Agnico-Eagle Mines Limited (NYSE:AEM) is an established gold producer headquartered in Canada, with exploration and development activities in Canada, Mexico, Finland, and the United States. Agnico-Eagle Mines follows a policy of 'no forward gold sales' in order to enable it to profit from higher gold prices. The company's corporate strategy is focused on increasing the exposure of shareholders to gold on a per share basis. Dividends have been consistently paid out over the last 30 years.
Agnico-Eagle has 100%-owned long life gold deposits in areas that are stable and conducive to friendly mining, including Canada, northern Finland, and northern Mexico. The LaRonde mine provides a strong operating base, consistently generating profits and operating cash flows. The company follows a consistent and low-risk strategy to strengthen its gold mining business and create value for shareholders. It looks to produce more gold and enhance its gold reserves in regions that have proved to be friendly to gold mining. Agnico-Eagle is aiming to enhance gold mineral reserves to 20 million ounces by the end of 2012 through aggressive exploration on 100%-owned properties in Canada (Ontario, Quebec, the Yukon, and Nunavut), the United States (Nevada), Finland, and Mexico (Chihuahua). The company is constantly seeking to add quality projects and assets to its portfolio, and is well positioned to move if an opportunity well matched to its technical skills can significantly strengthen its business. The company's focus is on smaller companies or projects, where value can be added through exploration and expediting production.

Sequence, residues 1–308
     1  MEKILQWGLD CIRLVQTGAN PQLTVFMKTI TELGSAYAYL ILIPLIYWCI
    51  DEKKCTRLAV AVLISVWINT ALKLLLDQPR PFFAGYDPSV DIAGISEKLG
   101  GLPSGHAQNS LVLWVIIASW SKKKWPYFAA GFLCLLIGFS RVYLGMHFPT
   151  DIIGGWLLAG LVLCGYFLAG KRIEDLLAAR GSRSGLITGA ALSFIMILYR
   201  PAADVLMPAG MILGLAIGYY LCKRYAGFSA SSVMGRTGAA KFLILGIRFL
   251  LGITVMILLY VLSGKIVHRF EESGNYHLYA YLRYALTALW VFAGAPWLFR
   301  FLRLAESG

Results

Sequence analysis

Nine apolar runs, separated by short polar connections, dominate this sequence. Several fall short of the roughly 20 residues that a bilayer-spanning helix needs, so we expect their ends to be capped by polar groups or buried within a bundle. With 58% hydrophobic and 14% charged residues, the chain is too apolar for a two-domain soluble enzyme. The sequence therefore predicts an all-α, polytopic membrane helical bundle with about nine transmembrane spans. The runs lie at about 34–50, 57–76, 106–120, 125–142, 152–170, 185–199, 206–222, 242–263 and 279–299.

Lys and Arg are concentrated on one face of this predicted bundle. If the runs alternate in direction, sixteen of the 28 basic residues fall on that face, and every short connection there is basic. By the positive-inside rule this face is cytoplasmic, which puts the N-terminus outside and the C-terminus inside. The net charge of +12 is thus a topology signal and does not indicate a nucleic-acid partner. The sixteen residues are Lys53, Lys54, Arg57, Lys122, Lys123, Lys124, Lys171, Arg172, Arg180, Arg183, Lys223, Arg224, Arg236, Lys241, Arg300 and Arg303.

For the second quarter of 2012, Agnico-Eagle reported quarterly net income of $43.2 million (earnings per share [EPS] of $0.25 a share). These results include an impairment loss of $18.3 million ($0.11 per share), stock option expenses of $7.8 million ($0.05 per share), a non-recurring tax loss of $4.3 million ($0.03 a share), and other non-recurring expenses of $11.6 million ($0.04 per share). These exceptional losses were partly offset by a non-cash currency translation gain of $11 million ($0.06 per share). If these exceptional items are excluded, adjusted net income works out to $68.9 million ($0.40 per share). For the same quarter of the previous year, the company reported net income of $68.8 million ($0.41 per share). Cash flow generation remained strong and cash from operating activities was $194.1 million compared to $162.8 million year-on-year. For the first six months of 2012, net income was $121.8 million (EPS of $0.71 per share), compared to $114.1 million (EPS of $0.68 per share) for the first six months of 2011. Cash generated from operating activities during this period reached a record high of $390.6 million compared to $337.6 million year-on-year. The company's strong operating performance was attributed to higher gold production as well as higher price realization, though this was partly offset by a lower level of byproduct revenues.